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Consider an announcement from the Supreme Court next May or June that a 5-4 majority, including the four liberals and Anthony Kennedy, has upheld the ACA. What happens? The administration breathes a sigh of relief. But who actually celebrates? Not many people. Liberals are generally ambivalent about the act and always have been. Meanwhile, who is infuriated? Millions of conservatives. “Obamacare” becomes a hot-button issue all over again. If you think conservatives can’t get any angrier than they already are, well, you and I have been watching very different conservative moments these last few years...a court-imposed “socialistic” outcome, forced on decent, freedom-loving Americans by four liberals and that sodomy-endorsing Kennedy, is a pretty big something.
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Old 08-17-2011, 04:33 PM   #995
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I would think the hypocrisy would be if he DIDN"T take public health insurance at the same time he was cutting it. If you don't believe me substitute health care with public schools.

Florida Gov. Rick Scott (R) has taken every opportunity to slash public school budgets while sending his kids to private schools.

That would be somewhat hypocritical I think.

What this does illustrate is exactly what governors in Wisconson, Indiana, New York and New Jersey have been saying since taking office. Public employee benefits must be reformed or state budgets are going to explode. It simply isn't fair to ask middle class taxpayers to pay such a large percentage of the health care costs for government employees.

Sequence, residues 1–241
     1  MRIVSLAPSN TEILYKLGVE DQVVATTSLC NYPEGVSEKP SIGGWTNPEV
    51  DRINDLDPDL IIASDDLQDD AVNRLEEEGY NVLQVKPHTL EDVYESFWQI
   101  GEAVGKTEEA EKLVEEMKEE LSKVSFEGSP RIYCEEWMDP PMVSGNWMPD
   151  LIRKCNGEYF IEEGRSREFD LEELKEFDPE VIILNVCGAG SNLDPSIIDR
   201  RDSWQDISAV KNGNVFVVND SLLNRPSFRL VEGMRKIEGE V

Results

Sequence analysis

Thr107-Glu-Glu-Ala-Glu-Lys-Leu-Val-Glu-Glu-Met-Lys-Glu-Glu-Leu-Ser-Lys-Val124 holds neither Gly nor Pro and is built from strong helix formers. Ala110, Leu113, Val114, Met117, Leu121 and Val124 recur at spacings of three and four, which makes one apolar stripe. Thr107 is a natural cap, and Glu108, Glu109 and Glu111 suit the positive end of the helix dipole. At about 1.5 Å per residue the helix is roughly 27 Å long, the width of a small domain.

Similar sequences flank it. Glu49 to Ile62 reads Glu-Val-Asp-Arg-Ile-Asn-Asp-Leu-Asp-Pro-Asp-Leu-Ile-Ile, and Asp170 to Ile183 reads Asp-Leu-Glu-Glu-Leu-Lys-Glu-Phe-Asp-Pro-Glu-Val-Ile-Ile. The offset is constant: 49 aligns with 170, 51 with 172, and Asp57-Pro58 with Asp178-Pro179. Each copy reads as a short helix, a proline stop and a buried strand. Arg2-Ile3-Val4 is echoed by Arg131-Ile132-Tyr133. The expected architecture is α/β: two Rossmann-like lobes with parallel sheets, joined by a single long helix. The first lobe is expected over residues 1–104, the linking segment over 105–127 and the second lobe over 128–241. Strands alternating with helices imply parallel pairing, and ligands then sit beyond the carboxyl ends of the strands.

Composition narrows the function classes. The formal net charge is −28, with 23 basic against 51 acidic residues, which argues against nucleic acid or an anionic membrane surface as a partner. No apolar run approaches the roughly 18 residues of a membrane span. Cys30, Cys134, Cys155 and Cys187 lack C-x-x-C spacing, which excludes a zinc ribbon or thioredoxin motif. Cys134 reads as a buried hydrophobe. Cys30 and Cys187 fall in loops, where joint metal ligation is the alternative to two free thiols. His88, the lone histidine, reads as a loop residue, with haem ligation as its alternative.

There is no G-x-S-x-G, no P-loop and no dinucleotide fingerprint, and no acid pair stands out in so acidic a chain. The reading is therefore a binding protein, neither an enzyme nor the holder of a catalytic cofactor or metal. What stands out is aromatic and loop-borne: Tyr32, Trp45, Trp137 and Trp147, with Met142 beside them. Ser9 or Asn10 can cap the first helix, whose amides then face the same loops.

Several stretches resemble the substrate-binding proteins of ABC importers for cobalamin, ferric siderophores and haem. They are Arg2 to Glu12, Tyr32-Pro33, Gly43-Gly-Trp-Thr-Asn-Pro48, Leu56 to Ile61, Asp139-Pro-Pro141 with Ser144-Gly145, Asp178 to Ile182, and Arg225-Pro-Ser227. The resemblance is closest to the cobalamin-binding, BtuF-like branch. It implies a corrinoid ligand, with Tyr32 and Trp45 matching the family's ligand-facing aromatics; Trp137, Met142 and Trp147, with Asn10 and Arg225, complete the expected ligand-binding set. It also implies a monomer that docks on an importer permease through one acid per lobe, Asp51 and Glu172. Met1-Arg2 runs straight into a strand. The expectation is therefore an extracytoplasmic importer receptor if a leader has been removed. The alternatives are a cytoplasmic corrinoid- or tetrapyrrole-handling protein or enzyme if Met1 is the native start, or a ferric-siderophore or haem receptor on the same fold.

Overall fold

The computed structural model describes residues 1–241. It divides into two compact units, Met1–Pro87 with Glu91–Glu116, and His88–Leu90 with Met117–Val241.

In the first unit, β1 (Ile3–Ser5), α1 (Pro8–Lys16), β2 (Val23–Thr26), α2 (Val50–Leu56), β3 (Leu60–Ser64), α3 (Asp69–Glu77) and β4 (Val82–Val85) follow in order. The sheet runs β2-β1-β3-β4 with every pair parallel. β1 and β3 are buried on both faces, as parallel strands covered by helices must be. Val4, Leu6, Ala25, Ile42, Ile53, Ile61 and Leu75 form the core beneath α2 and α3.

The outrage isn't that the Florida governor is paying so little for his health care it's that there are 32,000 other government workers--just in Florida--with the similar perk.

PS Think Progress is a liberal slime machine so I would expect them to cover this an example of GOP hypocrisy rather than that of government largess.
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Old 08-17-2011, 04:56 PM   #996
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Not wanting everyone else to have the very thing that you take full advantage of is hypocrisy, plain and simple. Don't see how it's any different from the school thing-Gov. Christie does that and he said it's a private matter (like he told that citizen who asked him, it's none of your damn business or something to that effect).

Come on, the guy even turned down all that money to fight child abuse. WTF?
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Old 08-17-2011, 05:12 PM   #997
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Not wanting everyone else to have the very thing that you take full advantage of is hypocrisy, plain and simple. Don't see how it's any different from the school thing-Gov. Christie does that and he said it's a private matter (like he told that citizen who asked him, it's none of your damn business or something to that effect).
If he was "slashing" public spending on health while he and his family enjoyed a lavish, private, platinum-plated Cadillac health care plan... what would Think Progress call that?


Quote:
Come on, the guy even turned down all that money to fight child abuse. WTF?
Why is the federal government sending tens of millions of dollars to Florida, and presumably the other 49 states, to fight child abuse?

We... don't... have... the... money !!!
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Old 08-17-2011, 05:15 PM   #998
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Yeah, just let the kids be abused

I'm sure the subsidized health care plan must be pretty good, or why wouldn't he just buy a Cadillac plan?
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Old 08-17-2011, 05:16 PM   #999
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Wow INDY your example really shows that you don't understand this topic at all.

He is not losing coverage by making these cuts so your public school metaphor doesn't work.
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Old 08-17-2011, 05:18 PM   #1000
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We... don't... have... the... money !!!
On the other hand we do have the money to give wealthy people their Bush tax cuts, grant them all kinds of ridiculous tax loopholes, and countless dollars on various military misadventures in the Middle East.